Saturday, August 11, 2012

Book review - Memoirs of a Geisha

ReviewReviewReviewReviewReviewMar 27, '06 11:42 AM

Genre: Literature & Fiction
Author:Arthur Golden
I can't quite understand why Arthur Golden started the tale as told by Sayuri as an autobiography, then went and deflate us in the epilogue with the statement that the character was a figment of his imagination. Yet, I would believe, perhaps, he intends to be as truthful as possible, in much the same way as he maintains to be the basic characteristics of his main character, to tell it like it is. Also, whether wittingly or not, he seems to give away the fact that Sayuri's descriptions of public life, the city, landscape, buildings and other various subjects in a rather 'masculine' nature, rather than from the point of view of a poor, uneducated orphan girl who was only trained later to be a good entertainer and whose major preoccupation was to put others at ease.

The book naturally brings out the story much more clearly and in much finer details in comparison to the movie. It is written in the first person description of life in pre-war Japan when Feudalism was still in existence, the abject poverty, the sufferings of ordinary citizens of a nation at war and life after a humiliating defeat. While reading the book you can stop and reflect on the images Sayuri tries to describe to get the facts right, whereas the movie just moves on and we tend to miss some of the major facts and lose track of the some of the issues thus ending up with the wrong impressions of the main characters in the plot.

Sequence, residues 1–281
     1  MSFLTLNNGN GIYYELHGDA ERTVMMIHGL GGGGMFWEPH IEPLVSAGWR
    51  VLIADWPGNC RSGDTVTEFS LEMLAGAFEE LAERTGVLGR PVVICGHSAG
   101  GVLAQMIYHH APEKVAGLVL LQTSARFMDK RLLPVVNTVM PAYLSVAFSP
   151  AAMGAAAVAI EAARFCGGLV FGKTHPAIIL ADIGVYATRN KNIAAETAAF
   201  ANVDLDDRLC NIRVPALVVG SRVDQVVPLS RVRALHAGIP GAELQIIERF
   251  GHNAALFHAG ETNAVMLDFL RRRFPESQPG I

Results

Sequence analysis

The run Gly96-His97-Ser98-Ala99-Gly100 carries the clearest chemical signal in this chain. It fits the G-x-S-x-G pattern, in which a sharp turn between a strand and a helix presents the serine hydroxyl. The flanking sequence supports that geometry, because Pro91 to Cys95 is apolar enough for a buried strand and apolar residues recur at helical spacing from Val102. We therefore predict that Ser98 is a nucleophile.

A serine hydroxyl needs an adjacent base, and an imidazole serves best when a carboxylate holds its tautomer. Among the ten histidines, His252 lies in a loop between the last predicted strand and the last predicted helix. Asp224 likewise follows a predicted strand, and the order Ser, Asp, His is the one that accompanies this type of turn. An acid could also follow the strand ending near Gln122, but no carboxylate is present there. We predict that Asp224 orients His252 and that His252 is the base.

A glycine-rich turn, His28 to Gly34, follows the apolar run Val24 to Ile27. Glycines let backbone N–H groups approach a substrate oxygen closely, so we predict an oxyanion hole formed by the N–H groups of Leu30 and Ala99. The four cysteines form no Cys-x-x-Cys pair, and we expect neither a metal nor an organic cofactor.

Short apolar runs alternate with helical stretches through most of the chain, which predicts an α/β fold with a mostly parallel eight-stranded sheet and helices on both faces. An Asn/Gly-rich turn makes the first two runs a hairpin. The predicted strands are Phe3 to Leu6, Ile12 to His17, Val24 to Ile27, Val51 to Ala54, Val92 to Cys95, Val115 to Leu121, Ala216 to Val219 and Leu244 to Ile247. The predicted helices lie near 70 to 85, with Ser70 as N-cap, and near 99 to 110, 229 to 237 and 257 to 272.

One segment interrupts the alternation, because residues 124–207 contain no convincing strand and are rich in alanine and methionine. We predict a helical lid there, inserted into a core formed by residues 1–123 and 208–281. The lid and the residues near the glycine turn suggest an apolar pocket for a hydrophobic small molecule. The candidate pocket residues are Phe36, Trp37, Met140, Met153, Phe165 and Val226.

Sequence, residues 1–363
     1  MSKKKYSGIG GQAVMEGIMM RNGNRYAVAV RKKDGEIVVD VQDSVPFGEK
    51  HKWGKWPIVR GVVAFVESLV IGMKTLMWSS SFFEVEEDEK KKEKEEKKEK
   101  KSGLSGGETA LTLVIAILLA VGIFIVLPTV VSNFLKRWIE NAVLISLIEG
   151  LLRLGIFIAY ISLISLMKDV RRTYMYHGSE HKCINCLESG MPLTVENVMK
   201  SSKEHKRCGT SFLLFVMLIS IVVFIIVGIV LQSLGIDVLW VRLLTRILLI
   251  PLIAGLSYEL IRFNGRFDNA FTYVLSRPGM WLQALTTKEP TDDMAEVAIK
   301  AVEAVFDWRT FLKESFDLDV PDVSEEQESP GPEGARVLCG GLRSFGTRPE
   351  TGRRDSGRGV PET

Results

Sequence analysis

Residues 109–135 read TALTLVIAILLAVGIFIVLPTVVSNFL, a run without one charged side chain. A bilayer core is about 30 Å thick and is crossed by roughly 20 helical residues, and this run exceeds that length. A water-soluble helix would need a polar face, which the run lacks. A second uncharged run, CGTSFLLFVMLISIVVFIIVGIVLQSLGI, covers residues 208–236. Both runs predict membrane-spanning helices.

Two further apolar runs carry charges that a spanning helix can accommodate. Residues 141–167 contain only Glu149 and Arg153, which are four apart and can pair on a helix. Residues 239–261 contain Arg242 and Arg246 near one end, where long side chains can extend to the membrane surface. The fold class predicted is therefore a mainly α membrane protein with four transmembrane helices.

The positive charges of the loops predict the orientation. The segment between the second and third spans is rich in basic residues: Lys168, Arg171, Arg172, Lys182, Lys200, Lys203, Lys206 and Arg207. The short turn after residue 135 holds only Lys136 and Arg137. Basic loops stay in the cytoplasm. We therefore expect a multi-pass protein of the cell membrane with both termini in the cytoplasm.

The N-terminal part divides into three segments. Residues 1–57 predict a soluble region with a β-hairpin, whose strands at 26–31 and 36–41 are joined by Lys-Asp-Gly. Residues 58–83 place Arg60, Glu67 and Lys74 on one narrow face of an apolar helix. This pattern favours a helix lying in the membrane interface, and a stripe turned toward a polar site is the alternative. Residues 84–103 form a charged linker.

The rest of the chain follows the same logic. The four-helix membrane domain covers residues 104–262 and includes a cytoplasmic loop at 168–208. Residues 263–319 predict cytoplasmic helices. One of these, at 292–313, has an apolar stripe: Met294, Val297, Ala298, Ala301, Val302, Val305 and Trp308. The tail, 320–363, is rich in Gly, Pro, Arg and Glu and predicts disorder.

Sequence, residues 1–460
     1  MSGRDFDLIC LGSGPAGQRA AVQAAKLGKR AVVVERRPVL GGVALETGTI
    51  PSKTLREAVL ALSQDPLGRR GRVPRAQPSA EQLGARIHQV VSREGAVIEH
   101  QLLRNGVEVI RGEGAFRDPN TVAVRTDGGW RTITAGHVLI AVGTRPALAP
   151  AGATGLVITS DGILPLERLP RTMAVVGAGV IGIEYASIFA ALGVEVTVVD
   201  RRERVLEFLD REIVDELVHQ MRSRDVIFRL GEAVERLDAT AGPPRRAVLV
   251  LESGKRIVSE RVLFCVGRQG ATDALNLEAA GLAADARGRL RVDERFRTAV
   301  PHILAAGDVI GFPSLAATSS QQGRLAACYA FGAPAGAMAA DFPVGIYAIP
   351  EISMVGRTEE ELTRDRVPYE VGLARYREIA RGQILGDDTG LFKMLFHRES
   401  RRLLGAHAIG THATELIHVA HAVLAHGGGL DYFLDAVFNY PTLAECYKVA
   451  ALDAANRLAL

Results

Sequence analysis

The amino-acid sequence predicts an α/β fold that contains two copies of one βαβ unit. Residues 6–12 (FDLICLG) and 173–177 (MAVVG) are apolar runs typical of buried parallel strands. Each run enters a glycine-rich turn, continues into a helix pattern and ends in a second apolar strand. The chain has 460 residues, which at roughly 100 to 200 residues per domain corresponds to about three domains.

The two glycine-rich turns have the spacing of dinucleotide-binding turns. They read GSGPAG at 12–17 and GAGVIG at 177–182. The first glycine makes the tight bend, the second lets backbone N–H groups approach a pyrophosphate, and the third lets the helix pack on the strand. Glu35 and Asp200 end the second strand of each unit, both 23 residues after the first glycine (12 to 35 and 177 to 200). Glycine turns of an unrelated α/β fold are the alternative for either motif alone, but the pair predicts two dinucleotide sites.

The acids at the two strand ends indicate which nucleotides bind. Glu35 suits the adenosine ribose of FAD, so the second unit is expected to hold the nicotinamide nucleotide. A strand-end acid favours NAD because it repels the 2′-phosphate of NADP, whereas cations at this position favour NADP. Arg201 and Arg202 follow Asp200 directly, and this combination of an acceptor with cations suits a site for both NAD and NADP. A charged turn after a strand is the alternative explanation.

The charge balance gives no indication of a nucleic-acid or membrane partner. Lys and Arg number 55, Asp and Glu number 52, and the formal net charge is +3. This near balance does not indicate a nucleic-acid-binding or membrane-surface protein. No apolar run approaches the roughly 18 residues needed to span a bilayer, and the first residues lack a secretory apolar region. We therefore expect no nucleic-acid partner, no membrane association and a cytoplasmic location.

In spite of the fact that the story is pretty interesting and contains much historical facts, I still can't get over the idea that she could reflect on life and its idiosyncrasies in such a philosophical way that is simply beyond a geisha's mentality even though she may be one extraordinary woman.

Still, I would give a high credit to Arthur Golden for a great tale with a wonderful plot and great setting.

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